Fields is a two sport athlete who won the 10-6A District MVP as a quarterback in football and an outfielder in baseball. His power at the plate and athleticism will likely lead to him starting from day one for the ‘Horns.

Kyle Johnston, RHP Jr. No. 250

Johnston is an interesting case because while he has never been dominant at the college level, it’s always been obvious that he has the best tools on the mound for the team. His 96 mph fastball still has scouts salivating, despite his command issues.

While Johnston’s mechanics and control could benefit from one last year under Pierce’s tutelage, it is very possible Johnston will dart for the pros if he gets selected in the middle rounds.

Nick Kennedy, LHP So. No. 276

Texas’ mid-week starter appearing as a top 300 prospect may seem surprising, but Kennedy is one of Pierce’s favorite pitchers for a reason. The lefty had only a 8.44 ERA in 2016, but improved to a 3.02 ERA in 2017.

With a spot in the weekend rotation with his name on it, Kennedy seems like a candidate to return to Austin for another season.

Travis Jones, IF/OF Jr. No. 491

Jones is Texas’ lone non-signee position player in the top 500, which isn’t surprising considering the ‘Horns hit .252 on the year. Jones’ batting average climbed to over .300 in April, but plummeted after a May slump. He finished the year with a .253/.401/.393 slash-line. Scouts must like Jones’ athleticism and raw power.

I would expect Jones to be back next year for his senior season on the Forty Acres.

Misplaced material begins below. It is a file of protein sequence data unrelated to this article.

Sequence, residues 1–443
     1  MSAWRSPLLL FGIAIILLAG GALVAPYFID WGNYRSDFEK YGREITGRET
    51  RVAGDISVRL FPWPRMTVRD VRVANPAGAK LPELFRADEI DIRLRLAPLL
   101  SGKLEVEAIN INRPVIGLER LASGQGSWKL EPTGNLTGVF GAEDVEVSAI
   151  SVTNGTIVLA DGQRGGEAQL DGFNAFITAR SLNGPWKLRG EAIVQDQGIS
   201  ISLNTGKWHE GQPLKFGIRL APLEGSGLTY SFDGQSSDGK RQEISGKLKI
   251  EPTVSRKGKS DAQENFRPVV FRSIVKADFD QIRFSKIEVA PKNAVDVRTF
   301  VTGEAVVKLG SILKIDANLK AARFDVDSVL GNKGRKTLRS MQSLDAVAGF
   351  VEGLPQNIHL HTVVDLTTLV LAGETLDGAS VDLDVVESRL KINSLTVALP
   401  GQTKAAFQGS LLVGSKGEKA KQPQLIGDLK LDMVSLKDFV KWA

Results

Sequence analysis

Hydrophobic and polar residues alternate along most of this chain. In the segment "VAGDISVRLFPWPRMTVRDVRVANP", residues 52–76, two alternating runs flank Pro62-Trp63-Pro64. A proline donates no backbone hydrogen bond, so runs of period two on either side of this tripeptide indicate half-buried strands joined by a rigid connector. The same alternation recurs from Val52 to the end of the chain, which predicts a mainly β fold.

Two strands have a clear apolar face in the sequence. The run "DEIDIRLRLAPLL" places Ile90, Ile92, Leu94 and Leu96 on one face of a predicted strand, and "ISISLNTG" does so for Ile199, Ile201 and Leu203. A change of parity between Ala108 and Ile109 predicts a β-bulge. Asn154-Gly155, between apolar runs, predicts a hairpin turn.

Notable omissions: Kacy Clemens (Sr.), Brett Boswell (Jr.), Michael Cantu (Jr.)

Kacy may not be a glamorous pick, but after leading the team in batting average (.305) and homers (12), while also swiping a team third best 10 bags, it’s hard to believe he’s out of the top 500. Someone will use a pick on him, possibly the Houston Astros, who originally selected him in the 35th round out of high school. The Astros certainly worked out well for his dad.

Boswell and Cantu are guys who didn’t light up the stats sheet this season, but both are undeniably “toolsy.” Boswell is an athletic second baseman who complemented David Hamilton well in the infield this season. He was MVP of the California Summer League in 2016 and started out his Texas 2017 campaign well before hitting a wall in the middle of the year. Cantu is built like Rob Gronkowski and had the power to hit six homers despite only notching 26 hits on the year.

Other guys who could definitely get drafted in the later rounds — Kody Clemens, Beau Ridgeway, Patrick Mathis, and Zane Gurwitz.

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If Texas gets torched in the draft, the biggest loss will be starting pitching. As it stands, the Longhorns have draft ineligible Nolan Kingham and Blair Henley to presumably fill two of the weekend spots. Texas would love for one or two of Leach, Johnston, and Kennedy to fill out the rest of the starting pitching positions.

On offense, the foundation is laid with a young core, but Texas would certainly love to add a few power hitters to the lineup. It could be Lutz, but it’s more likely that it will be Fields.

Stay tuned for more draft coverage later this week.